Fridays Were Made for Hot Tub Time Machines

Up until today, I was pretty skeptical about the new schedule that’s come with my new job. I mean, Fridays off? How was I supposed to fill my time?

Hey, there’s no need for obscene hand gestures.

At 4:25 today, however, those fears proved to be unwarranted, for that’s when D.R.O.P. list member Ryan and I entered a local cinema to partake in Hot Tub Time Machine. It very well may be the closest I’ve come to being a college student since I graduated almost eight years ago.

I wasn’t exactly Rhodes Scholar material.

Now, if you plan on seeing this movie, you may want to stop reading here so I don’t spoil anything for you. Then again, a title like Hot Tub Time Machine kind of says it all, so you’re probably not risking too much by proceeding.

Besides, I’m not going to give a full-on review. I’ll leave that to the pros like Roger Ebert and Leonard Maltin and the random newspaper columnists who get quoted as saying things like “Visually stunning!” and “Didn’t suck!”

How to describe Hot Tub Time Machine … I’d say it’s Back to the Future meets The Hangover, meaning it’s a highly entertaining 100 minutes. Back to the Future still holds the title as my favorite time-travel movie of all time, which explains why I asked Jenny if we could watch it while I write this. Happily, she agreed, so I can intersperse great quotes throughout the post, such as:

1985 Doc: “If my calculations are correct, when this baby hits 88 miles per hour, you’re going to see some serious shit.”


The reason why I think Hot Tub Time Machine has more in common with Back to the Future than its other Hollywood time-traveling predecessors is two-fold.

One, it employs a similar butterfly-effect theory—the whole if you change anything in the past, the space-time continuum will go all Bill O’Reilly when he thinks the mic is off.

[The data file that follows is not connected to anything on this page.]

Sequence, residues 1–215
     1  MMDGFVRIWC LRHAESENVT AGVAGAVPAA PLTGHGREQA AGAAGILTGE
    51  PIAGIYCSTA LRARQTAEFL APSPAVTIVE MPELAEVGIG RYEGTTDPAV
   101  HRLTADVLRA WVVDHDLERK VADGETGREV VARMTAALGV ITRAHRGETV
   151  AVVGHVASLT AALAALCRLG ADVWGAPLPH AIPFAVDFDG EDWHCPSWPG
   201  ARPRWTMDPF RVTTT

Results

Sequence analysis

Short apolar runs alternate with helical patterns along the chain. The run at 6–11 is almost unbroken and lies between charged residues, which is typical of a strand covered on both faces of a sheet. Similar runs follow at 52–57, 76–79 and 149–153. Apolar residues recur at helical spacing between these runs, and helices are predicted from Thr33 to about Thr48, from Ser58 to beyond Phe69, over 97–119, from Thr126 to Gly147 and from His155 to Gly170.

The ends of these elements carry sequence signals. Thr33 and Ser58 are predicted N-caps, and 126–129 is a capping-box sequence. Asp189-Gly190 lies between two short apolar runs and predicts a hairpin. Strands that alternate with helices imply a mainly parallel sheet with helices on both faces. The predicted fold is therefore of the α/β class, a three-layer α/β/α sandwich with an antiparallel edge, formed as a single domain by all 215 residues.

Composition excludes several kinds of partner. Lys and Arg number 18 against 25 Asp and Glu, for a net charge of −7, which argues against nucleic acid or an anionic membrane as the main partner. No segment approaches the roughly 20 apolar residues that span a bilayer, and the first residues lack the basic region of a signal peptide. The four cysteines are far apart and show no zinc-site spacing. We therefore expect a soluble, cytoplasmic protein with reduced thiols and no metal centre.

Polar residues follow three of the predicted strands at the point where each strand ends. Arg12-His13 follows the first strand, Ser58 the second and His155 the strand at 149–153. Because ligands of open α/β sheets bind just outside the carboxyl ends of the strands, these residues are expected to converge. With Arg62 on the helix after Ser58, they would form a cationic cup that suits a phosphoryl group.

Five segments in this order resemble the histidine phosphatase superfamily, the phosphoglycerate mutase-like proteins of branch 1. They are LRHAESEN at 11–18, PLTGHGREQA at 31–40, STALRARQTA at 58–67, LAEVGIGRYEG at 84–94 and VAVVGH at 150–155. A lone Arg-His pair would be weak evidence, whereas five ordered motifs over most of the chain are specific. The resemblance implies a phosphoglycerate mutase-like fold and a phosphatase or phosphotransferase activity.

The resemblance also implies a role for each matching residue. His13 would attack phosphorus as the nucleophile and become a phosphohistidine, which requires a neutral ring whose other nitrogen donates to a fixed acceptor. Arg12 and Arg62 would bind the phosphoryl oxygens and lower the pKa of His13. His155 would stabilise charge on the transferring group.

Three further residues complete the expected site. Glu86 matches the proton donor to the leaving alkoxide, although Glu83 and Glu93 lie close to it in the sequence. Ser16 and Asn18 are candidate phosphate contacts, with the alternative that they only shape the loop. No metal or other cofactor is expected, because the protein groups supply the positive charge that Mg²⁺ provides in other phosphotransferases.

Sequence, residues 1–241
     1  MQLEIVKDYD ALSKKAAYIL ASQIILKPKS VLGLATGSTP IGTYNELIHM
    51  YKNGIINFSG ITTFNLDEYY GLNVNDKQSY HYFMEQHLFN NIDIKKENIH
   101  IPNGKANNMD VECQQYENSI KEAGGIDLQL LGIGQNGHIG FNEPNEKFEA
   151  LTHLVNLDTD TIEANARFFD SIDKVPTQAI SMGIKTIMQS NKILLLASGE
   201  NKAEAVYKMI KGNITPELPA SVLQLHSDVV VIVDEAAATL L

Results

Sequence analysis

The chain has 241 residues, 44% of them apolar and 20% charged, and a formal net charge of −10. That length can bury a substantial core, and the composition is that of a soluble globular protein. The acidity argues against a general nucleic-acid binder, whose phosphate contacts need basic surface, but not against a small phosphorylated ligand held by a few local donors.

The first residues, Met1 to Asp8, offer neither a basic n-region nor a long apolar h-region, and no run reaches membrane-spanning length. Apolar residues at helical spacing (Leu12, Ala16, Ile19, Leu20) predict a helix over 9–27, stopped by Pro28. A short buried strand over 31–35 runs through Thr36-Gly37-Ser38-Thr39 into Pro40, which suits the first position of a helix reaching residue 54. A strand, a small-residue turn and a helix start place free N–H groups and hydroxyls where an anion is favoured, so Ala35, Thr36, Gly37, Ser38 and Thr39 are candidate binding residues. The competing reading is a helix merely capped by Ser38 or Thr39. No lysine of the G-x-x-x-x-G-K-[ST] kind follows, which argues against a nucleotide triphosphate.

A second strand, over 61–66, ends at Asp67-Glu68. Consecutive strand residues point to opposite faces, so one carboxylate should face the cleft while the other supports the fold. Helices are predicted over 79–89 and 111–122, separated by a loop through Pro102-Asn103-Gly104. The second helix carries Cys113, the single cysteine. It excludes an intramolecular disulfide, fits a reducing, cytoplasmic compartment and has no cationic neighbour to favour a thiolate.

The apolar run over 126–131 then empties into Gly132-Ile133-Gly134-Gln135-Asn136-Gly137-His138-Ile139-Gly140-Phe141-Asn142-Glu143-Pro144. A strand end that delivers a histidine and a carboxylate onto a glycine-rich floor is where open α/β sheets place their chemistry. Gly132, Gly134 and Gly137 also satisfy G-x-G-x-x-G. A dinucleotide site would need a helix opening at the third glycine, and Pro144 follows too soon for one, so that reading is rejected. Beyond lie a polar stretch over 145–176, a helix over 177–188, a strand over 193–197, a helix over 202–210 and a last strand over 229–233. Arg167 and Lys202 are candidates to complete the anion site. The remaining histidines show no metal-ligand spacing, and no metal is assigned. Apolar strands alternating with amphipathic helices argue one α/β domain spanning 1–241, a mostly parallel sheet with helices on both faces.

1955 Lorraine: “That is your name, isn’t it? Calvin Klein? It’s written all over your underwear.”

The cool thing in Hot Tub is that while the characters start out trying to respect the prospect of this doomsday scenario, they eventually break down and say screw it the way you always wished they would in Back to the Future. True, the results of this gamble seem a little too perfect, but the whole alternate 1985 in Back to the Future II­—the one where Biff becomes like the dictator of Hill Valley—always seemed to go too far the other way. Plus, because Marty’s dad decks Biff in 1955, he does end up becoming a best-selling author, so it’s not all doom and gloom.

1955 Doc: “1.21 jigowatts?!”

The second link between the two movies is that Hot Tub seems to consciously be giving shout-outs to Back to the Future left and right. For instance, Darryl from The Office gets on stage and performs a song from the future (“Let’s Get It Started”) like Marty did at the Enchantment Under the Sea dance (“Johnny B. Goode”), except this time, people like the whole thing and it’s a springboard to Darryl’s career.

Marty: “It’s like he’s been erased.”

1955 Doc: “Erased—from existence.”